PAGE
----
by Jan Lumholdt
- Frelle Petersen has crafted a very human slice of rural life in a small and cosy corner of southernmost Denmark
The hardships of a life of farming were recently portrayed rather grimly in Jens Assur’s Ravens [+see also:
interview: Jens Assur
film profile], a story about rural Sweden in the 1970s. The two protagonists, the suicidal father Agne, quite literally stuck in his barren field, and his bird-loving son Klas, next in line for this Sisyphean task, were given few moments of bliss. Dreams were crushed, hopes were lost, struggles went on – as they had for centuries.
Upon encountering Uncle, the worthy Grand Prix recipient at the recent 2019 Tokyo International Film Festival, one is sometimes tempted to presume that writer-director Frelle Petersen has not only glanced at Ravens, but also decided to directly address it. Backwoods Sweden has now turned into backwoods Denmark (right next to the German border, where Petersen himself grew up), young Klas is now twentysomething Kristine, and father Agne is now this film’s unnamed titular uncle. Kris’s parents are no longer around; it is implied that her mother succumbed to a malignant disease and her father then took his own life. Little is said throughout – about anything, really.
It actually takes about ten minutes before the first line is delivered. We get to see the crusty old farmer (Peter H Tygesen, the actual farmer at the actual farm location) being rolled out by his niece (Jette Søndergaard, Tygesen’s real-life niece). We see them at breakfast, heading for the stables (the uncle with his walking frame), and milking and grazing the cows. After lunch, there’s equipment maintenance, a nap (for the uncle), more cattle feeding (for the niece), then off to the supermarket for some victuals. It is here that a voice – the uncle’s – is finally heard. “Nutella,” it proclaims.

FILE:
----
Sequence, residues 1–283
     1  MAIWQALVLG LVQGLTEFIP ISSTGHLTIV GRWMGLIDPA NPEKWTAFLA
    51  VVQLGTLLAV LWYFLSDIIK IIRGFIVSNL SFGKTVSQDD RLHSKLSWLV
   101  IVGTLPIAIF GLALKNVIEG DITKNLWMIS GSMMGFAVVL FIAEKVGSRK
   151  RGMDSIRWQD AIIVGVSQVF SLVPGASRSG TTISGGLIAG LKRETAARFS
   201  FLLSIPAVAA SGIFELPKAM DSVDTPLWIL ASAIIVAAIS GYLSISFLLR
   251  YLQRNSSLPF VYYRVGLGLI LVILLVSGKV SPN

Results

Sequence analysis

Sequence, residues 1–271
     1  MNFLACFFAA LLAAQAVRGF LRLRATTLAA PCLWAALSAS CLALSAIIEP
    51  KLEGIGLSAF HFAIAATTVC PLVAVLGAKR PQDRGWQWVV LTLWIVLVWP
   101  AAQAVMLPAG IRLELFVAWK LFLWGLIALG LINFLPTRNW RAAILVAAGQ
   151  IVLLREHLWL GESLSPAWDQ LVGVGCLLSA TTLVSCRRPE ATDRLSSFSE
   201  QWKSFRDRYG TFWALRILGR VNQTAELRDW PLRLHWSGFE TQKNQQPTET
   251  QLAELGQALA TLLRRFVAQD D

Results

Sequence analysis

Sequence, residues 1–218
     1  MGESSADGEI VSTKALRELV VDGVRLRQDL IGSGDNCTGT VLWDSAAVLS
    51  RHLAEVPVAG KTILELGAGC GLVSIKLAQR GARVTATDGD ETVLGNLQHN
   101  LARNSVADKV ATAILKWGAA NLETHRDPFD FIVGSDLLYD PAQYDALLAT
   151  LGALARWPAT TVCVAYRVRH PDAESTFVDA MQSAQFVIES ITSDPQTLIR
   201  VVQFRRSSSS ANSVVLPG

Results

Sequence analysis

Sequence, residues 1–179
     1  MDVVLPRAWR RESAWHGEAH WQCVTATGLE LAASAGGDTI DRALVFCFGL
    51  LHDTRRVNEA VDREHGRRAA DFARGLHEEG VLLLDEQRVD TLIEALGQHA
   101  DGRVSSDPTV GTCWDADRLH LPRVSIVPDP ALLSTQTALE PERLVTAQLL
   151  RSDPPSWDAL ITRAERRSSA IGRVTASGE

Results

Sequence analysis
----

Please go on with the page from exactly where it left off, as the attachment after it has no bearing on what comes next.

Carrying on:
By now, it has become sufficiently clear that Uncle has a far lighter and also sweeter tone than Ravens. In their little corner of the world where the TV reports on EU migration, climate meetings, North Korean missiles and other non-concerns, Kris and her uncle have an adequately complete existence. After dinner, they indulge in a game of Scrabble and a sitcom, then go to bed, until next morning. Stuck they may be, but in a familiar, safe and – why not – cosy routine, one that they both equally depend on.
This routine is ever so slightly jolted when a calf gets diphtheria, which Kris identifies quite expertly; she was accepted into vet school after graduation, when her family situation likely changed everything. Through the encouragement of Johannes, the local vet (played by actual vet Ole Caspersen), she starts to get her chops back. Would she consider resuming her educational path? Kris remains staunchly loyal to her uncle, or is it just a knee-jerk reaction?
Another catalyst triggers change for our scrupulous duo when Mike, the son of a neighbouring farmer, shyly approaches Kris about having a bite at the local tavern. She accepts and shows up for the date… with her uncle and his walking frame in tow. A priceless restaurant scene follows, depicting life at an awkward moment – one that may possibly be laughed at in the years to come, in the right circumstances.
Dreams, hopes, struggles – all are ongoing and are part of parcel of Uncle (the film and the character). Moments of bliss, however, abound in this beautifully lensed (by Petersen himself) and quite exquisite slice of humanity. The makers of Nutella, too, should be pleased.
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